How can we estimate the number of Earth-like planets in the Galaxy? (Intermediate)

I'm doing a science project and i had to read a science fiction book and find the facts in it and it said that 100 billion stars in our galaxy and 10 percent of those starts have planets and maybe one percent of them have Earth-like conditions. Is that true? And how can you estimate the number of stars with planets with earth-like conditions?


Although our exoplanet search is VERY far from being complete, astronomers currently estimate that there is AT LEAST one planet for every star in the galaxy, which is a lot of planets!  

Getting an idea of what percentage of those planets are Earth-like is much more difficult, but we can start to make educated guesses. Your guess that 1 percent of all planets being Earth-like sounds reasonable, but for all we know it could be a much smaller or larger percentage than that!  Until we are able to accurately determine the compositions of exoplanets on a large scale, we won't be able to get a better idea of the actual number.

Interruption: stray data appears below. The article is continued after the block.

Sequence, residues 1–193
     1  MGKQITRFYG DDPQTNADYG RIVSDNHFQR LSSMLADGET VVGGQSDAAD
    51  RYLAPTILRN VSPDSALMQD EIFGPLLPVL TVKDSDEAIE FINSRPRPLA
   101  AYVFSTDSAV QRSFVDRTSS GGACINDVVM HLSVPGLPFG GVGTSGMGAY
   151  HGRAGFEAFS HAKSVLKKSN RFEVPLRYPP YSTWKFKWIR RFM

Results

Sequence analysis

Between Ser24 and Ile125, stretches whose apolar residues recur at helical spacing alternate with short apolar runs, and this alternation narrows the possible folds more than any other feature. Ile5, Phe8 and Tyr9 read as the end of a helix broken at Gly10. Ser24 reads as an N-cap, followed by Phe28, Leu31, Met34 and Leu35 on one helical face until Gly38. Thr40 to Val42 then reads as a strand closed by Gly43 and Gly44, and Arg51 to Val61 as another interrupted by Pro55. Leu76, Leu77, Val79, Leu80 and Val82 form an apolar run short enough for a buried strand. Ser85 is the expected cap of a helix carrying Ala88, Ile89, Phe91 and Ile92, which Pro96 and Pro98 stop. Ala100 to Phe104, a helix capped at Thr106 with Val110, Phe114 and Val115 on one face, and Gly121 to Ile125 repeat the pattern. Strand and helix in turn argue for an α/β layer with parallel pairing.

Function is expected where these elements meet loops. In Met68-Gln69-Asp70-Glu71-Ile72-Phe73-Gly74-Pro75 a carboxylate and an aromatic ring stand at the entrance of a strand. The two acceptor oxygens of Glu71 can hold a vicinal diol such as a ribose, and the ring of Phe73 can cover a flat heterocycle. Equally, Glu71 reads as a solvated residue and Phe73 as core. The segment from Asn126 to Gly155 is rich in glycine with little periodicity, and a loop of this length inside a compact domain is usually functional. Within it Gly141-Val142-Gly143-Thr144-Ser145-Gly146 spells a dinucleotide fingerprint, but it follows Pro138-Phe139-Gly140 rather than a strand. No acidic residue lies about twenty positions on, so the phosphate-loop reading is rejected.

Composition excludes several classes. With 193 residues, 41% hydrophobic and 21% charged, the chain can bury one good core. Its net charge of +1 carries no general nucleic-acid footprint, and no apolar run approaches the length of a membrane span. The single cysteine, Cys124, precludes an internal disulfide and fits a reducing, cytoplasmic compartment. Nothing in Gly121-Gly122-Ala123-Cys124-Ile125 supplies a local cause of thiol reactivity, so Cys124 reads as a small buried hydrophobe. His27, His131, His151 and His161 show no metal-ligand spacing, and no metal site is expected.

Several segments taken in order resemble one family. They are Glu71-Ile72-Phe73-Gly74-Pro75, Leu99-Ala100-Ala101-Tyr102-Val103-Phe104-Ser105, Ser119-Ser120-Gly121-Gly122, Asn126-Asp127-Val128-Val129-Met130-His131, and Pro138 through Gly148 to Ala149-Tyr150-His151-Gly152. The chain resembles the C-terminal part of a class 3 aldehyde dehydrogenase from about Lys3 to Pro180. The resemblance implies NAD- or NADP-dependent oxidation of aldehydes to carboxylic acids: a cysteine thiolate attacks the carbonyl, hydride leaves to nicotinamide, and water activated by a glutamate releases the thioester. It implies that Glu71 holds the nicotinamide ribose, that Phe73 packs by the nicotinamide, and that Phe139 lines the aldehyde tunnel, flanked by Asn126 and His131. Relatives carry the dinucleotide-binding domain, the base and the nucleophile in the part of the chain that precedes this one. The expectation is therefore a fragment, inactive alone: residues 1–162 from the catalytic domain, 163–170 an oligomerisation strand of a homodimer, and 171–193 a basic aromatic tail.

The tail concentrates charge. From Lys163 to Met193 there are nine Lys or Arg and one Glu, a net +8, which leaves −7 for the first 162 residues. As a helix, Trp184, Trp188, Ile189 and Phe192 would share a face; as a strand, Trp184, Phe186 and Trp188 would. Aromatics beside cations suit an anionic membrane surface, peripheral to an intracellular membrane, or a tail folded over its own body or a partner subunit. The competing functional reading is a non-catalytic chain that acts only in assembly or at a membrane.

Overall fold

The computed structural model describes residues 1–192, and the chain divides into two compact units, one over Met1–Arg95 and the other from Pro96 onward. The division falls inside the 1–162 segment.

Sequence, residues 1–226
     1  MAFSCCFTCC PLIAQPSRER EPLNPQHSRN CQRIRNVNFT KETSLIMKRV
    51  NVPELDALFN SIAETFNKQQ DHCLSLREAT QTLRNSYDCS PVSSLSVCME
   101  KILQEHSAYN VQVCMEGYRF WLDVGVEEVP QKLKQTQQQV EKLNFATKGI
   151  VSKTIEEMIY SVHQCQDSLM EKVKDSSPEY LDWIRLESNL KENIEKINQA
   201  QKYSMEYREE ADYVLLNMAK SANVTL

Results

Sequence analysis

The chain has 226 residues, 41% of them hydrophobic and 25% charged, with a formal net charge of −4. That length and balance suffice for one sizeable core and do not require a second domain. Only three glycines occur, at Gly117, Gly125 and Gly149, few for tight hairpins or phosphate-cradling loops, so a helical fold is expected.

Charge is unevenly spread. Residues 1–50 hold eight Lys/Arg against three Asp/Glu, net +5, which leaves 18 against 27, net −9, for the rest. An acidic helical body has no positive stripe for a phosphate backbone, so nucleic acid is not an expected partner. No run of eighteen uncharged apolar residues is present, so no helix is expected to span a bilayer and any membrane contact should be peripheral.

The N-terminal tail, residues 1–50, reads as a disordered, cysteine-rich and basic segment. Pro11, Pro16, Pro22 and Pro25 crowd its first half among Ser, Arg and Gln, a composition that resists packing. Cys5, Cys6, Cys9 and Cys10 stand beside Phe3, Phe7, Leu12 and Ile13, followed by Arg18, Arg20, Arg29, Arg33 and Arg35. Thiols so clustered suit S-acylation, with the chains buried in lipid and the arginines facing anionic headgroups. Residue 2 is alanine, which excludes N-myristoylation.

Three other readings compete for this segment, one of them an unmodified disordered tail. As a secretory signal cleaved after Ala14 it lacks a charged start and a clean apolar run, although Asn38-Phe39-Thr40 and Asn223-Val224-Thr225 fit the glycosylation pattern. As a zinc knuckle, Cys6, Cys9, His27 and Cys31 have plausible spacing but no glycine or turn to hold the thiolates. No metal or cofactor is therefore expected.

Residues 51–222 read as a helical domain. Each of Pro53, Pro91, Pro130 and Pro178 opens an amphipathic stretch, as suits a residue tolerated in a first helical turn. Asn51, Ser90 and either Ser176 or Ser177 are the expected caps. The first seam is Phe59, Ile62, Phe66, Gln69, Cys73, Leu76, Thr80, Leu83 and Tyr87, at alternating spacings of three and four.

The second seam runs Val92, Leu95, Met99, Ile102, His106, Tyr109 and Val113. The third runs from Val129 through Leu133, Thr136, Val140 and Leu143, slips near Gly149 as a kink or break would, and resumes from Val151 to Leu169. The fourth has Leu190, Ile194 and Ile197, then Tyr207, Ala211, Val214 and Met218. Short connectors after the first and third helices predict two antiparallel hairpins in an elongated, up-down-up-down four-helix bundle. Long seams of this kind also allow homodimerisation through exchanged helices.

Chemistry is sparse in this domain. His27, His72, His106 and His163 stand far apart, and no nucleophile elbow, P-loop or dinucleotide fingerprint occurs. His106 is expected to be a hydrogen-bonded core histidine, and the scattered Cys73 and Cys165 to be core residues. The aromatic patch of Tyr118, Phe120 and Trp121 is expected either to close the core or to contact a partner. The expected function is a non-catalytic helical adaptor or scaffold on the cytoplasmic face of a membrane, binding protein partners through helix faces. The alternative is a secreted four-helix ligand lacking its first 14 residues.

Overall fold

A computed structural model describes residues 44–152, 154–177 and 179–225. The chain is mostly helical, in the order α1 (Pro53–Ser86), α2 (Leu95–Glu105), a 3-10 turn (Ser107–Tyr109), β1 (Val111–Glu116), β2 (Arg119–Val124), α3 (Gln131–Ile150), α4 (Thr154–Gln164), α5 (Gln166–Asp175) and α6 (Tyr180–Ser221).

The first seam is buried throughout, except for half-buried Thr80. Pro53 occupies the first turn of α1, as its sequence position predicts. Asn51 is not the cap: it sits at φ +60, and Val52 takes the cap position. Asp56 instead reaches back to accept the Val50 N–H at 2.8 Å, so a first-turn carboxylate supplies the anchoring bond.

Page last updated on July 18, 2015

About the Author

Karen Masters

Karen Masters

Karen was a graduate student at Cornell from 2000-2005. She went on to work as a researcher in galaxy redshift surveys at Harvard University, and is now on the Faculty at the University of Portsmouth back in her home country of the UK. Her research lately has focused on using the morphology of galaxies to give clues to their formation and evolution. She is the Project Scientist for the Galaxy Zoo project.

Twitter:  @KarenLMasters

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